In terms of near-term performance for EMD, last year Emerging Local Currency Debt returned -1.75% (based on JP Morgan GBI-EM Global Diversified), while Emerging Hard (USD) Currency Debt posted +7.35% (based on JPM EMBI Global Diversified).
So far this year, however, local-currency EMD is slightly ahead with a return of +9.75% as at the end of April versus a 6% return for Emerging Hard (USD) Currency Debt.
As for Pictet’s performance, over the full market cycle of the past five years, when our investment philosophy and process has been truly tested we have been able to deliver consistent performance while maintaining risk at a modest level, resulting in a strong information ratio.
How about capacity concerns? Are there enough EMD issues available to sate demand?
There are more concerns about capacity than is justified by the level of demand today. And the number of bond issues and liquidity of the market has improved quite a lot compared to five years ago. We look at capacity closely in EMD and other markets – but we don’t see a problem currently.
To what extent do you allocate to EM corporate credit?
Sovereign debt is much more liquid than corporate credit, but Pictet does invest in credit via off-benchmark allocations. It can invest up to 30% of its EMD portfolios off-benchmark (in, say, corporate issues or non-investment-grade sovereigns). And the Asian corporate credit market is developing fast.
Pictet has some dedicated resources looking at EM corporate credit, but is in the process of hiring more in anticipation of future market developments.
What are the issues around corporate credit?
Corporate bonds offer higher credit risk, so the question is whether their risk profile justifies adding credit to the portfolio, given that generally EM sovereigns can give good returns. But that doesn’t mean we should ignore the credit segment.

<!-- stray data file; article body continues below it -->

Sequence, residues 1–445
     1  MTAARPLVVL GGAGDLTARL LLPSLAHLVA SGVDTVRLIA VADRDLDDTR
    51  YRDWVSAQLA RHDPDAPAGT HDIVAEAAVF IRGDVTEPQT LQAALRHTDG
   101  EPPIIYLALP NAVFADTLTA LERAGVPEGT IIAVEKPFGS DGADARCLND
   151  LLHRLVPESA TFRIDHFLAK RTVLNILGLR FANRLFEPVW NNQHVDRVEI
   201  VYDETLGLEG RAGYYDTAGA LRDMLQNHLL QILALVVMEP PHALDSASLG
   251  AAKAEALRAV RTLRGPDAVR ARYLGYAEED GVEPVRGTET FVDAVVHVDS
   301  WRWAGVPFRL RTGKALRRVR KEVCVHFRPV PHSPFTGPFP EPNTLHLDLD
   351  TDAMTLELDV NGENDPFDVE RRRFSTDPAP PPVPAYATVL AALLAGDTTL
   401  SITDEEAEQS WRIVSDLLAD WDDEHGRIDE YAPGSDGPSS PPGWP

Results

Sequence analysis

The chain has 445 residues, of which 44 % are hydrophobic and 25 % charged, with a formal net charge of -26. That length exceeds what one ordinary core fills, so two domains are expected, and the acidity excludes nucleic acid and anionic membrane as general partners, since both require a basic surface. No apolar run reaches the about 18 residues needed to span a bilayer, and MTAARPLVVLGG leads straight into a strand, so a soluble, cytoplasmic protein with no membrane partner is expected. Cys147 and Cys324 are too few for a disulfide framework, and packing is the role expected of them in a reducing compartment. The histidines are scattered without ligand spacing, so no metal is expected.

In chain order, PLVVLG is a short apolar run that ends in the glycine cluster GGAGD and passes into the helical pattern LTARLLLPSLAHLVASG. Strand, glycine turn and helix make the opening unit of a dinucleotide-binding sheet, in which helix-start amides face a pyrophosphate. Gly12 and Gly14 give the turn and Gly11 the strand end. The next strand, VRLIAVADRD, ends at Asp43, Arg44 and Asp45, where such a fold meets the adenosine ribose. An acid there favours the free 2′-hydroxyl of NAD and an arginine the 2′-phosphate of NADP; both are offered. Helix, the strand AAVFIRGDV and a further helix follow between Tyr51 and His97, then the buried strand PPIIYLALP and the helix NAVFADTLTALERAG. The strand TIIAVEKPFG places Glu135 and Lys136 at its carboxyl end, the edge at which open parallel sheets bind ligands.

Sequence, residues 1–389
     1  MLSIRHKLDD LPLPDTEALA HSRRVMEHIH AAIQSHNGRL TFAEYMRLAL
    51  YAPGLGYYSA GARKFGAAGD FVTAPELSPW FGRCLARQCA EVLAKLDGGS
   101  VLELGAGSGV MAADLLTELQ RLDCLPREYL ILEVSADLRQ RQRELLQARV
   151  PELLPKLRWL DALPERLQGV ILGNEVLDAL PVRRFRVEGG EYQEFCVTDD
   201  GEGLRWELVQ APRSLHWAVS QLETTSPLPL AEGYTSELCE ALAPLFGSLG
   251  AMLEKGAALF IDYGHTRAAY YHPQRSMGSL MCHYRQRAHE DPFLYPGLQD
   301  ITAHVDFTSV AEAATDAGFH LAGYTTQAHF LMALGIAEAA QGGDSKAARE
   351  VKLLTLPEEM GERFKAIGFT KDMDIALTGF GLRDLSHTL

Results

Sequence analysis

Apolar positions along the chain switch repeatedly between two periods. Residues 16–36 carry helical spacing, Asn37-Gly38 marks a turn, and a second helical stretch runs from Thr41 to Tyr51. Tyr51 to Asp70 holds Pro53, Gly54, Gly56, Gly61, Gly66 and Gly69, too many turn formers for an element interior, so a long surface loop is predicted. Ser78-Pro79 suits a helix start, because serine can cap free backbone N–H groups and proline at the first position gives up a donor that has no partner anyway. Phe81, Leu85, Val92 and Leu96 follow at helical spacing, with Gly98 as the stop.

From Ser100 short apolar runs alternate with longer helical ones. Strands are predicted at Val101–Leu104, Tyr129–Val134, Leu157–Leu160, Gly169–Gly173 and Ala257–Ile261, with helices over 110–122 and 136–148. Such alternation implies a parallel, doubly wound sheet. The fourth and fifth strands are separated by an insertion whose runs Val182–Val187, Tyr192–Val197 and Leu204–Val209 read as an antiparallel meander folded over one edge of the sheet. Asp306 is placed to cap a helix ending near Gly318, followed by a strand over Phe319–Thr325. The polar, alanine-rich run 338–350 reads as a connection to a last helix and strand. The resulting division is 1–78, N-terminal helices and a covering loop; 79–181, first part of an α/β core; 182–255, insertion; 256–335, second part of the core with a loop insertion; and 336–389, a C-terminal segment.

However, investors don’t usually talk yet about specific allocations to EM credit. We have some room to manoeuvre in terms of how we can increase allocations to credit without going outside clients’ risk guidelines. Some investors are being quite receptive to doing this.
Also, in terms of allocation between hard- and local-currency debt, we have experienced a broad range of investor choice between the two. However, in the last four years the bias has been for a higher portion in local versus hard currency: an approximate figure is 70:30 in favour of local-currency.
What we have witnessed, though, is that the two asset classes are indeed very different from a risk and return perspective, and this choice enables investors to optimise this. Last year, for instance, there was a stark contrast between local returns and hard-currency. Currently, we would recommend a slight bias for local markets perhaps in the range of 60:40.
In addition to EMD, does Pictet offer any less conventional fixed-income strategies, such as non-market-cap-weighted products?
Pictet does now offer a global fundamental bond strategy, which was launched last year. Given the eurozone crisis and other developed-country debt concerns, some clients feel that market cap-weighted indices are not the best way forward, as they overweight such developed markets.